Exposing the dangers of lead paint | Causes, Not Just Cases®
Ahh. . . Smell that? Summer is in the air. You know what that means besides lazier days and afternoon thunder storms? It means that home improvement season is upon us.
After a dark winter and wet spring, summer is the season to break out the sand paper, paintbrushes and ladders. But before your ambitions get away from you, urging to you to tackle a house-painting project, you may want to ask yourself some questions to help protect you and your family from potential dangers.
If you live in a home built before 1978, it is reasonable to assume that your house may be contaminated with lead paint, a known toxin that can lead to lead poisoning. Using lead in paint was not banned by the U.S. Consumer Product Safety Commission (CPSC) until 1978; therefore, the majority of homes built before then contain lead based paint. Exterior paint, doorframes, trim, painted metal (such as a heater or A/C units) and windows are the most common sites, but lead may also be found on any painted surface in your home.
What’s the big deal if your house falls into the category of most-likely-to-have-lead-paint? The big deal is your health and the health of your children or any children who may visit your home. Lead is a heavy metal that, when absorbed, is stored in the body’s tissues and bones, and can act as a neurotoxin to the brain. It is most harmful to infants, young children, and young adults whose bodies and organs are still growing. When inhaled or ingested even in low levels, it can permanently damage organs such as the brain and kidneys, the central nervous system and blood cells. In extreme cases, lead poisoning has caused convulsions, coma and even death in children.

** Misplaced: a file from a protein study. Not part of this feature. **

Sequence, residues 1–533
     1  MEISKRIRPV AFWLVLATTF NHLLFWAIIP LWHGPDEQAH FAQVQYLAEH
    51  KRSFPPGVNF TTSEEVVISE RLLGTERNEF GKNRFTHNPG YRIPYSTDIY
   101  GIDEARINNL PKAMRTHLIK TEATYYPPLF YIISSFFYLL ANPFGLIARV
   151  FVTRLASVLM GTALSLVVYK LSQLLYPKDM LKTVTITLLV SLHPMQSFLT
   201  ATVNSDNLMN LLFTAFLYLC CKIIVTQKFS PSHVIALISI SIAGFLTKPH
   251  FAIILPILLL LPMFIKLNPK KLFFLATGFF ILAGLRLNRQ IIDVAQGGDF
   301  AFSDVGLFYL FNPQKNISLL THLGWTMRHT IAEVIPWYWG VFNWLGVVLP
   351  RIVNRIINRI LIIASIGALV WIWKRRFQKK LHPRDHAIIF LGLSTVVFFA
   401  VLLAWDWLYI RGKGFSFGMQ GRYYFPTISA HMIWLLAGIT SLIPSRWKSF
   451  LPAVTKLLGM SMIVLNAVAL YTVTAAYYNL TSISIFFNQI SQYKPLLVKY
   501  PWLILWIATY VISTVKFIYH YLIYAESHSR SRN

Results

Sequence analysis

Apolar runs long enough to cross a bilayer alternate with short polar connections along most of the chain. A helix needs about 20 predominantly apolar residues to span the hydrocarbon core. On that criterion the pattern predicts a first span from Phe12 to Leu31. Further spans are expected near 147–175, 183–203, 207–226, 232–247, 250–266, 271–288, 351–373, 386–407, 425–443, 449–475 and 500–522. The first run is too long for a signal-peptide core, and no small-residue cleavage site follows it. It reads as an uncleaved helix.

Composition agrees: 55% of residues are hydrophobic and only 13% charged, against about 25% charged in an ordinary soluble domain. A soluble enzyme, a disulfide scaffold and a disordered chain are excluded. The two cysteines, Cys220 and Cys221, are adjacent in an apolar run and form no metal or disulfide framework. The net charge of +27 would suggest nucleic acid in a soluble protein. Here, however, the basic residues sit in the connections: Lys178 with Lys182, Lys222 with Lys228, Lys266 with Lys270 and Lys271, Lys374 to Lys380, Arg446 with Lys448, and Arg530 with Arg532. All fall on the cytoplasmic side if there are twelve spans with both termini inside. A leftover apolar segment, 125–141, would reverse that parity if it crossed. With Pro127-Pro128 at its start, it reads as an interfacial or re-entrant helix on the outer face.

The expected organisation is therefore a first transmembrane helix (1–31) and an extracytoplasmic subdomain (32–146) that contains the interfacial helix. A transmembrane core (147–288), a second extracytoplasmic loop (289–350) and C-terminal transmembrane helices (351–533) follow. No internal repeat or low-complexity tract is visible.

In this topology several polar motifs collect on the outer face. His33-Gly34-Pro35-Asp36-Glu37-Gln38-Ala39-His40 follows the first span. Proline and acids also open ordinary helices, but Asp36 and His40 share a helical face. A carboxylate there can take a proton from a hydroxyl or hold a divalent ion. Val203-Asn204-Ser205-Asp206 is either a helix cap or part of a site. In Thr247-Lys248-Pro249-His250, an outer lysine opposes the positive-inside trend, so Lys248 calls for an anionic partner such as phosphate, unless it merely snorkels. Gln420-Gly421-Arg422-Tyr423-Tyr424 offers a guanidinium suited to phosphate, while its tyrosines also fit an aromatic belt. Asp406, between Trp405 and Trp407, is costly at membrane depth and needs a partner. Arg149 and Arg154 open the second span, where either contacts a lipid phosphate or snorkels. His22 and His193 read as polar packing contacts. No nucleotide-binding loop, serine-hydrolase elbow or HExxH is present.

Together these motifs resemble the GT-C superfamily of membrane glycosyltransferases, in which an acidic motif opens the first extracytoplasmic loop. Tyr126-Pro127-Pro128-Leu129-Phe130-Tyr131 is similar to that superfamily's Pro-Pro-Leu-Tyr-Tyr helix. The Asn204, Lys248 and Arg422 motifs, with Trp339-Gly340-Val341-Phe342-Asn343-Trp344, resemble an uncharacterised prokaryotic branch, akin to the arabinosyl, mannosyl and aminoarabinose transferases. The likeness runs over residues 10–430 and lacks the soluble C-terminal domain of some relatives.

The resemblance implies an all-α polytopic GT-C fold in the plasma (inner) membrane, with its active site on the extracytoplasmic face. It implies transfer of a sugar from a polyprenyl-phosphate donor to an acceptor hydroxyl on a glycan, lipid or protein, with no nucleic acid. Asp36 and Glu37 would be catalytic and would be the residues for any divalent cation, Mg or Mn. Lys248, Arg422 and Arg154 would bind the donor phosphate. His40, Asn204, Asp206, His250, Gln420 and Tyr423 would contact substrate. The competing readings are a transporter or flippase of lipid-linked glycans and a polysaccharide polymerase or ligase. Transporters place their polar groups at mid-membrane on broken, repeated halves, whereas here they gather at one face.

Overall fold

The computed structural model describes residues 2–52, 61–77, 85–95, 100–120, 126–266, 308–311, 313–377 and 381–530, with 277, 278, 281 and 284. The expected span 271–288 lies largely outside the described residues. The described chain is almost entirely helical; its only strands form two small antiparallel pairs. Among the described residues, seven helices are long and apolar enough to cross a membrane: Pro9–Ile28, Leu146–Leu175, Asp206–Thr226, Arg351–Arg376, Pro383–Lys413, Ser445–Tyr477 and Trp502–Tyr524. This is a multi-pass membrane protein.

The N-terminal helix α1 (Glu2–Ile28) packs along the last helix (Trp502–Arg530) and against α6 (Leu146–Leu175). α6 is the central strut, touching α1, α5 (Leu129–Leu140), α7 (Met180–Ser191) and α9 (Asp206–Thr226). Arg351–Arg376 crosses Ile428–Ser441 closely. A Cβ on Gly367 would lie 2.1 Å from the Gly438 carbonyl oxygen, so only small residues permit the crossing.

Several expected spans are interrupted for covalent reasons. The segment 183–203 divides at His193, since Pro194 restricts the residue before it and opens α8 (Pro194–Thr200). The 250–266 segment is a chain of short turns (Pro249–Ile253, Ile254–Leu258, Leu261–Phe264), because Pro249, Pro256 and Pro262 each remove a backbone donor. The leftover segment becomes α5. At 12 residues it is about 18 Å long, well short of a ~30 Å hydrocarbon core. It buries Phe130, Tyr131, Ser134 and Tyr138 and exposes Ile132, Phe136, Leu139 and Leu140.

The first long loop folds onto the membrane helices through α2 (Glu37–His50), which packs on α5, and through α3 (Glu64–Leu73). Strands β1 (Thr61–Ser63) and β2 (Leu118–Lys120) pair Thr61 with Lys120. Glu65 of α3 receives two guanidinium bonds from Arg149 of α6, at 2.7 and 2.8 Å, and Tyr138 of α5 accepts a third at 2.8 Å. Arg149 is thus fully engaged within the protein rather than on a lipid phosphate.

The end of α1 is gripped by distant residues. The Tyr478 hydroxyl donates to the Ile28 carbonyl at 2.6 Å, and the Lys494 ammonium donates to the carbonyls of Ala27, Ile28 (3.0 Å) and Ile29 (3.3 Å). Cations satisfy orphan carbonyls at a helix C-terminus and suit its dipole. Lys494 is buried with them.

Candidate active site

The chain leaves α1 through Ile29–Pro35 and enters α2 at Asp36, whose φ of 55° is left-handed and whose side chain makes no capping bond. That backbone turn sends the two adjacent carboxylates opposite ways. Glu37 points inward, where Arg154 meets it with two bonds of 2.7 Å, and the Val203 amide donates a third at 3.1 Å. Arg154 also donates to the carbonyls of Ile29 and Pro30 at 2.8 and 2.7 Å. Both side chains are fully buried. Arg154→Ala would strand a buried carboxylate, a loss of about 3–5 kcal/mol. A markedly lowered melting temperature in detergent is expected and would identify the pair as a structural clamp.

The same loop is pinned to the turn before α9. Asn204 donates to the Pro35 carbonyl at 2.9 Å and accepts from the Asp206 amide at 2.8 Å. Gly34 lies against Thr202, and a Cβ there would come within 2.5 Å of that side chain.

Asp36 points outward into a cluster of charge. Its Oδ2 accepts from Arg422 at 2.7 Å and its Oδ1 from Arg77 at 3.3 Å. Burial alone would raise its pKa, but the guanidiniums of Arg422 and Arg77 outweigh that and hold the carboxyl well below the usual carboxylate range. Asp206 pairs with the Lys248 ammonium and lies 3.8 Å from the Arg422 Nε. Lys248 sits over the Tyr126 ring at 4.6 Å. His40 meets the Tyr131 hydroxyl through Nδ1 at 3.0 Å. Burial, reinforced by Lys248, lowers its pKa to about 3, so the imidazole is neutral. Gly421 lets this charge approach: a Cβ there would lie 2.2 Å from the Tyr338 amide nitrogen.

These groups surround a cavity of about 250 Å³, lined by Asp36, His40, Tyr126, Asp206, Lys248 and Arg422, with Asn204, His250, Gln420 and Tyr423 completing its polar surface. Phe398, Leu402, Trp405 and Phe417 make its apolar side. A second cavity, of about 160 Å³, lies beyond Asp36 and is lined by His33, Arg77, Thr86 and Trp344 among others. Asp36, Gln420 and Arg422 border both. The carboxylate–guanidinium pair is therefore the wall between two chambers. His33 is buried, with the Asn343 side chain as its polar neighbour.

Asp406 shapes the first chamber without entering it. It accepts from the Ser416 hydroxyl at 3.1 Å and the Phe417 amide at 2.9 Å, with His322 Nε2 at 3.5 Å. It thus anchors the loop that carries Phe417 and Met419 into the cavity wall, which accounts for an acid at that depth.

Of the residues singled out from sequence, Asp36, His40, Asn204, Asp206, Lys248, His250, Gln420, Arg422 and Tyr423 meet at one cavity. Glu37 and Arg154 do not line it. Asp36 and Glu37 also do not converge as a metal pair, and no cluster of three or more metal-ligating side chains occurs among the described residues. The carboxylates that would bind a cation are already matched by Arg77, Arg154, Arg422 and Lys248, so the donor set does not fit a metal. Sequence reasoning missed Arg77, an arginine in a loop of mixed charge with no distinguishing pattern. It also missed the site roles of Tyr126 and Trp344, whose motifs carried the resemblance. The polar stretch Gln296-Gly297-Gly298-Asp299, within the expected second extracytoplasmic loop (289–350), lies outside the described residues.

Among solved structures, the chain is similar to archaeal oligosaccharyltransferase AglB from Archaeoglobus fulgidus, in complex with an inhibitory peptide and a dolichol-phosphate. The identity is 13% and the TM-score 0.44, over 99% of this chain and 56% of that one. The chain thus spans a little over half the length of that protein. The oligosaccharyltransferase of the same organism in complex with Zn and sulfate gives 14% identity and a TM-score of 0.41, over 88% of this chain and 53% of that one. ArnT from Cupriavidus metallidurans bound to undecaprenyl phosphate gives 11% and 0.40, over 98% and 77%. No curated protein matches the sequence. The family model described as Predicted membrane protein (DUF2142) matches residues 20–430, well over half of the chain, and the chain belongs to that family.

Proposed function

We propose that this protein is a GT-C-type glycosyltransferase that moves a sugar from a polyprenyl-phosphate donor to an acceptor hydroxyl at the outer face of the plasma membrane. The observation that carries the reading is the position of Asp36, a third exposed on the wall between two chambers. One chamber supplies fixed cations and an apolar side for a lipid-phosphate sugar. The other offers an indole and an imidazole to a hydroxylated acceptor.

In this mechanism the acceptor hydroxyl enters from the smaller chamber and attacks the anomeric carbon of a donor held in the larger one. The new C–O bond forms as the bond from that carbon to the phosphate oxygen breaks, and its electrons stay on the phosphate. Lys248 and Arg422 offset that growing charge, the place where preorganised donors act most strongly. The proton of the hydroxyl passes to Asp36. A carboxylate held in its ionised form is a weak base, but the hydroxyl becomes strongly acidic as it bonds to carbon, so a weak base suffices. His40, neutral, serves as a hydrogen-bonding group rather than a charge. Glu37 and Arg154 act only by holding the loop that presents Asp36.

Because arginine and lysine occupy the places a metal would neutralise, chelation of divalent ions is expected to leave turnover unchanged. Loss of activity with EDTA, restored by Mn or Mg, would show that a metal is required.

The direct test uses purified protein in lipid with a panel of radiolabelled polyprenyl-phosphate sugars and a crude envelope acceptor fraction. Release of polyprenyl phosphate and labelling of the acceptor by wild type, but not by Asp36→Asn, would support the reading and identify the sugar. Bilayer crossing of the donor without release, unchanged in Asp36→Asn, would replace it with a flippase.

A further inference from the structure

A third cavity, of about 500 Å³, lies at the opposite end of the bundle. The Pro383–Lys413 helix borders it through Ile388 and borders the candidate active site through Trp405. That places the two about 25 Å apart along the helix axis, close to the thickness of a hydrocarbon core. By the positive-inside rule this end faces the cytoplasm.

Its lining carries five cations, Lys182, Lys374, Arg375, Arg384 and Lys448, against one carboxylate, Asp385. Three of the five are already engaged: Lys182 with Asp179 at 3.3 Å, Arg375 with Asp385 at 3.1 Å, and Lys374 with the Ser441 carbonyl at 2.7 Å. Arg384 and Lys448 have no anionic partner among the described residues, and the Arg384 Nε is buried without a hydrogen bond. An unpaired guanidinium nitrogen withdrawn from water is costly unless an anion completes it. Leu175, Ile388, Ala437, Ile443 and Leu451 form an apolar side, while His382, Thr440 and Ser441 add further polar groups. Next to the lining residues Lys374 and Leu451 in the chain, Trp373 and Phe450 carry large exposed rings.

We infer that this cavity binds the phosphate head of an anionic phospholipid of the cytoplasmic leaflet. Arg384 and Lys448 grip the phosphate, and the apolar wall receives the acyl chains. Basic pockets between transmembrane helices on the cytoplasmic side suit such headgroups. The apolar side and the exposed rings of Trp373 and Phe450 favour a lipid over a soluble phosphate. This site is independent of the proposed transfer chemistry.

In the face of this environmental threat, the CDC recently overhauled its recommendations concerning lead paint. Of particular note, the CDC lowered the Blood Lead Level (BLL) threshold for diagnosing lead poisoning in children. This change, the first in 20 years, will help identify and prevent lead poisoning in many more children. Read the CDC’s report on the change.
If you think that your house may have a chance of being contaminated by lead paint, do not attempt to remove the lead paint yourself. The improper removal of paint in a renovation can be harmful as lead can be released in the form of fibers, dust and paint chips. Also, improper disposal of such debris can also result in increased indoor contamination and absorption into the soil surrounding your home. Instead call an EPA-certified and approved Renovation, Repair and Paint (RRP) specialist. Visit www.epa.gov/lead to learn more about the dangers of lead paint and lead paint removal.